The Lions scrum came under scrutiny in Christchurch, but this 42-cap Kiwi prop has taken an outside look at the British & Irish set-piece


After the British & Irish Lions defeated the Crusaders 12-3 on Saturday, there were some grumblings down under about how the scrum was refereed. Post-match, there were some concerns voiced over referee Mathieu Raynal’s ruling on the Crusaders’ approach to creating a gap between two scrums, with All Black loosehead Joe Moody falling foul of the French official on a handful of occasions.

On the eve of their match against the Highlanders though, the Lions scrum received an endorsement from 42-cap All Black prop Kees Meeuws. The former Highlander and Scarlet, who has played elite rugby on both sides of the scrum, believes that one powerful shove from the Crusaders belied a good day at the office for the Lions.

Graham Rowntree Lions scrum

Man in charge: Assistant coach Graham Rowntree looks after the Lions scrum

“With referees interpretations, it takes you some time to understand what they want at scrum time,” Meeuws told Rugby World. “On the weekend, the Crusaders had a great scrum and it was just an opportunity that they took and got the better of. But if you take a look at the whole game, the Lions scrum was pretty solid. And if you go back to the game before, against the Blues, they dominated. Dan Cole got in there and really smashed the Blues scrum.”

Talking with a Test prop’s perspective, Meeuws explained why the Crusaders did so well in that one eye-catching scrum: “In the last game the Lions got caught at a funny angle, you could see the hesitation. They may have been waiting for the referee to pull it up, but he didn’t and the Crusaders took it. It takes a little bit of time to understand your referees and I think that’s what happened.”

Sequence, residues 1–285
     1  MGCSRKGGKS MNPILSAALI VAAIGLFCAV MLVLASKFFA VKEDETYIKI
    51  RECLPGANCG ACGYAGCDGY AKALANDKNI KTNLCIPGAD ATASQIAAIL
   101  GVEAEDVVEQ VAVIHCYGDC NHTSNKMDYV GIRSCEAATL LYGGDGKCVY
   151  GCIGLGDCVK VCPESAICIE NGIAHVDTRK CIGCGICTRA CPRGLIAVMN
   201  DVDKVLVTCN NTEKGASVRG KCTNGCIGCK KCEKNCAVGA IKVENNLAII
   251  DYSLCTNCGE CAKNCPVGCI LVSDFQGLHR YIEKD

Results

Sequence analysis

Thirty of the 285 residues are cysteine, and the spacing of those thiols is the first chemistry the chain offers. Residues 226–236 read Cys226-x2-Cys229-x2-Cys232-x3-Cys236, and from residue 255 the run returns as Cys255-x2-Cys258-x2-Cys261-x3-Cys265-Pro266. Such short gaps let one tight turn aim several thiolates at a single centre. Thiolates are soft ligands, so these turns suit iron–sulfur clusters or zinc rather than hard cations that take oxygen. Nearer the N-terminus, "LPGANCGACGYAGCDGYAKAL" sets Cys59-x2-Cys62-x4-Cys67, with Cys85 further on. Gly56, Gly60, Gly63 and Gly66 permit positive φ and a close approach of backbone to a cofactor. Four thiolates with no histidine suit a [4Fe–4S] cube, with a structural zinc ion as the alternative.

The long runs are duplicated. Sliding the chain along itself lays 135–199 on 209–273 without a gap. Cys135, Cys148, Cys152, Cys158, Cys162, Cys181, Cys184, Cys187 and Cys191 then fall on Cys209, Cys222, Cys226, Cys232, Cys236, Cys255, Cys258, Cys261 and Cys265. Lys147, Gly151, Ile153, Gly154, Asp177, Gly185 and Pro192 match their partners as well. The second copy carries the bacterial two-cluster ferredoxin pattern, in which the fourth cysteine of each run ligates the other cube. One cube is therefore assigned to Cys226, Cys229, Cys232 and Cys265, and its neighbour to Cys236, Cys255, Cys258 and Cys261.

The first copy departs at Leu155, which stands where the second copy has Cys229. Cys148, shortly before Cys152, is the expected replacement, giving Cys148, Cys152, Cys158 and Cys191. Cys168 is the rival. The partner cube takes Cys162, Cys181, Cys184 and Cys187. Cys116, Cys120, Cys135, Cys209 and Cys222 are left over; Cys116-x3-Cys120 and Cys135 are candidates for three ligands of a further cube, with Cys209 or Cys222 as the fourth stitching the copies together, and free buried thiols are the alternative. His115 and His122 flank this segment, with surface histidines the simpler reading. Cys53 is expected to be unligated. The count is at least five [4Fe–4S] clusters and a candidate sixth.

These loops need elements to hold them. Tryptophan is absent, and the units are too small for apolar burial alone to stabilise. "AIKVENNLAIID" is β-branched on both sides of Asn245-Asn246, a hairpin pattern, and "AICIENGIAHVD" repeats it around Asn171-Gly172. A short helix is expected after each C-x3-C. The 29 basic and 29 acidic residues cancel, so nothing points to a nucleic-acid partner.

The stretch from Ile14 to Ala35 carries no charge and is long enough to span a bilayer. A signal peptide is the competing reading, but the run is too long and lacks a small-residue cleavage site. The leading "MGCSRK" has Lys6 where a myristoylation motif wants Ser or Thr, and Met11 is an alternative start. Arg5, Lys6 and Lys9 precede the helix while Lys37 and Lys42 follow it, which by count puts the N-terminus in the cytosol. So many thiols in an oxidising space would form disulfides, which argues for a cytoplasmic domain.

After the narrow 22-16 loss against the Blues in the second match of the tour, many were trumpeting the scrum as a major strength for the Lions. After game three the set-piece was under the microscope again. Clearly the shove will be a vital battleground throughout this series, but according to Meeuws, you need some perspective when looking at the scrum.

“When it comes to front-row play, every minute in there is different. You could be set up right and then the angle is wrong for you and there is nothing you can do about it. You just try to battle your way out of it.

Kees Meeuws haka

In All Black action: Kees Meeuws performs a haka against Australia

“First game, the Lions had just got off the plane and were just finding their feet in New Zealand. Against the Blues their scrum got better and got a bit of dominance, and then last week – and the Crusaders are a very well-drilled pack – they (the hosts) got an opportunity and took it, but it looked worse than it was.

“This is early days in the tour. You have tomorrow and then the Maori, which I think will be the real big test. I believe the Lions are on the right track before the first Test match. Each game they’ve gotten better and they haven’t shown all their cards yet.”

Talking about the set-piece challenge on Tuesday evening, starting Lions tighthead Kyle Sinckler had his own view on the matter.

“The scrum’s going to be massively, massively important, we’ve got to focus on ourselves, stick to our process, and we need eight guys coming together as one for a good outcome, doing the same thing at the same time.

Kyle Sinckler Lions

Loud and proud: Kyle Sinckler during the Lions match against the Blues

“It’s not about going out there trying to make a statement, if the occasion comes and the opportunity is there, then as an eight we’ll stay within our process and just keep doing what we’re doing.

“But having the likes of Tadhg (Furlong) and Dan (Cole) and Jack McGrath and Mako (Vunipola) and (Joe) Marler, as a unit with the hookers we’re all working trying to make each other better, sharing little secrets with each other, hoping we’ll probably forget all that when we get off this tour and face each other again!

“We’ll just work as a unit and if the opportunity comes we’ll be ready.”